A thematic day will be organized on March 10, Pollination Day, in the National Botanical Garden in Vakratot, which is part of the ELKH Environmental Research Center (ÖK).
The goal of the experts is to present the invaluable importance of pollination and scientific research on this topic during the program, as well as to draw attention to the dangers of insect pollination and thus pollination – read the ELKH message.
On this day, visitors can observe the activities of pollinators in a garden full of nectar-giving flowers with the help of botanists and ecologists.
According to the announcement, with the average daily temperature rising and days long, oriental flowers spread a diverse carpet under the trees of the National Botanical Garden. These so-called geophytes open precisely when the trees do not have foliage yet, so the light easily reaches the level of the grass. The purple mass of Carpathian crocus (Crocus heuffelianus) thrives widely among white snowdrops, bonfires, pigeon flowers, green hazelnuts, yellow buttercups and blue starflowers.
Flowers provide pollinators with their color and scent with nectar and pollen in exchange for pollination. Nectar is actually sugar water from which honeybees make honey by evaporating the water and concentrating the sugar content.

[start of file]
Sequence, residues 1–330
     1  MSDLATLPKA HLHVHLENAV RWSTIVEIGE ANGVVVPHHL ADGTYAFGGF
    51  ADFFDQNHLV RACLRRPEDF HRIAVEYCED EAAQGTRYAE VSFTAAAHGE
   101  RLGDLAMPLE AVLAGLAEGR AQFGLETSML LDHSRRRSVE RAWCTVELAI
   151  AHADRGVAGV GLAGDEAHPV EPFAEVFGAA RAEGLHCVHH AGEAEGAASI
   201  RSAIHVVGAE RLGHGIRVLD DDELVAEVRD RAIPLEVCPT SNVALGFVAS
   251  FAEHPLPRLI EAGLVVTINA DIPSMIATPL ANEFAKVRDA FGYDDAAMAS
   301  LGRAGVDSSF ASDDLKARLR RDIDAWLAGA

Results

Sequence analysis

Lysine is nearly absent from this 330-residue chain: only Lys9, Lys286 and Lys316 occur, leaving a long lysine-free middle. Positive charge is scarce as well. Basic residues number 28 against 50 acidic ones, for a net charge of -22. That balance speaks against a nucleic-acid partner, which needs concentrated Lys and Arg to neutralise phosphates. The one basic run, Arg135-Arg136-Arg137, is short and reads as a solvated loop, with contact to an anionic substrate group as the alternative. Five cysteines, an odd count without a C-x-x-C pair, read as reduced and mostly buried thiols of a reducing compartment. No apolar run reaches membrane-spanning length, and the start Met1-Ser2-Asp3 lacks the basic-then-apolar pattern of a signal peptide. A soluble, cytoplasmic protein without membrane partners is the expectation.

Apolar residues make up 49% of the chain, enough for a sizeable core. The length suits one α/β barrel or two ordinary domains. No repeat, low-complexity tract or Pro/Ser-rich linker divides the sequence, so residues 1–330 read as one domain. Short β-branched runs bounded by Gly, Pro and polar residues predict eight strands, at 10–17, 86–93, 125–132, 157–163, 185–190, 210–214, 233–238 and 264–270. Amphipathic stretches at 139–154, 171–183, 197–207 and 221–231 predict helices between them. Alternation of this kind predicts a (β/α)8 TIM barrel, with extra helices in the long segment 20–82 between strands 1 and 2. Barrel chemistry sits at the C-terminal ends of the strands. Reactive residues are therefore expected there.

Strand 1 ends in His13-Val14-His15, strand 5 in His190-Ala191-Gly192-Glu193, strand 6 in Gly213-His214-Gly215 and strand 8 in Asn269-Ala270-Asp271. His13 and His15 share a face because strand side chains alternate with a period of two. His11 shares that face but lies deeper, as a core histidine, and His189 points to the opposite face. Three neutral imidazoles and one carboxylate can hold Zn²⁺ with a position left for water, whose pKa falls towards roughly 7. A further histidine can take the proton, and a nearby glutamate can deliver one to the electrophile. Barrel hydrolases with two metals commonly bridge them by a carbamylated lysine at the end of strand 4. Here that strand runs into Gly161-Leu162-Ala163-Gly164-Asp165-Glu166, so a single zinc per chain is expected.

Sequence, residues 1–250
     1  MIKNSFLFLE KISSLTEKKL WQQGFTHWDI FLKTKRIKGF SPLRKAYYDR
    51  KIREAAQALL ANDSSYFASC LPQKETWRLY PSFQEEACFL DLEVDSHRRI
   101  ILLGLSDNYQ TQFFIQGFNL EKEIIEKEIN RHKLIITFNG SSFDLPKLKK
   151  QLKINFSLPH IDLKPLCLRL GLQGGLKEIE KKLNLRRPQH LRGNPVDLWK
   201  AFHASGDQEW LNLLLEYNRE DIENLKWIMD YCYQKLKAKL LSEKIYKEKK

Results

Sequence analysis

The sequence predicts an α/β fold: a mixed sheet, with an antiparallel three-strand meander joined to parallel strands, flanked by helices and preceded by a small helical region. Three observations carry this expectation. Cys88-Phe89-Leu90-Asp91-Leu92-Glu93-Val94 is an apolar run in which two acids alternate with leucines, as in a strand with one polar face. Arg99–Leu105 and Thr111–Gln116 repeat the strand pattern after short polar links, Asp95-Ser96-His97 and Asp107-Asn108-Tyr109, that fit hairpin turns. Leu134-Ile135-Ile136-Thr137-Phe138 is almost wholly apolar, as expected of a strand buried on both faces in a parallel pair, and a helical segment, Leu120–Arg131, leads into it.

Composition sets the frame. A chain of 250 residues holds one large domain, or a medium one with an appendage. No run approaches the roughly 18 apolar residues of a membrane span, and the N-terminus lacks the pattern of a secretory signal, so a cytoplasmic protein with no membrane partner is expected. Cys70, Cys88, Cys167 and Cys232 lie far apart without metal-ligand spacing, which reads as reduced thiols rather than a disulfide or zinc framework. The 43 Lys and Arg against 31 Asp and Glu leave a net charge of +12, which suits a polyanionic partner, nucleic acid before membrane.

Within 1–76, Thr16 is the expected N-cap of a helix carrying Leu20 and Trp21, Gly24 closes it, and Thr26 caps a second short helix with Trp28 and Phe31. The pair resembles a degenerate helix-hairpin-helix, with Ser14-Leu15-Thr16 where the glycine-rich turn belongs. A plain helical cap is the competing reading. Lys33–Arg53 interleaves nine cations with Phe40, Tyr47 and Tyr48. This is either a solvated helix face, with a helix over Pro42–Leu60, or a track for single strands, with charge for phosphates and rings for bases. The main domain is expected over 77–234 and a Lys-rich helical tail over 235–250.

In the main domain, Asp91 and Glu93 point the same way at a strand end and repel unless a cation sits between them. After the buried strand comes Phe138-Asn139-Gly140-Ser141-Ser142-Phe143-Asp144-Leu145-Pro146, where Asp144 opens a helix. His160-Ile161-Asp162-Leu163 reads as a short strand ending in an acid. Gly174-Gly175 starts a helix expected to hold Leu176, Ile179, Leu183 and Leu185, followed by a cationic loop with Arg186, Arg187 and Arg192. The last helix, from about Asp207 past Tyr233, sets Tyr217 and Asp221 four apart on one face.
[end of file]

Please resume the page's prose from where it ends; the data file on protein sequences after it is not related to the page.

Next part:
Pollen also contains proteins, carbohydrates, fats, water and vitamins, and thus plays an important role in the nutrition of bee offspring.
“Bees are often thought of solely in terms of honey production, but honeybees – better known as house bees – along with many wild bees, bumblebees, wasps, flies and moths play an irreplaceable role in wildlife, pollinating plants for From food. Without insect pollination, it would not produce apples, cherries, peaches, melons, cucumbers, zucchini, tomatoes, peppers, but also cocoa, coffee and many other important food, medicinal, spices and fodder,” he said.. Attention Anikó Kovács-Hostyánszkiis a senior researcher at ÖK, researching insect pollination and the ecology of wild bees in Vakratot.
ÖK’s two research teams deal with pollinators, different species, and the lifestyle and condition of insects.
The contact said their goal is to develop conservation methods that prevent a decline in the numbers of these beneficial insects.
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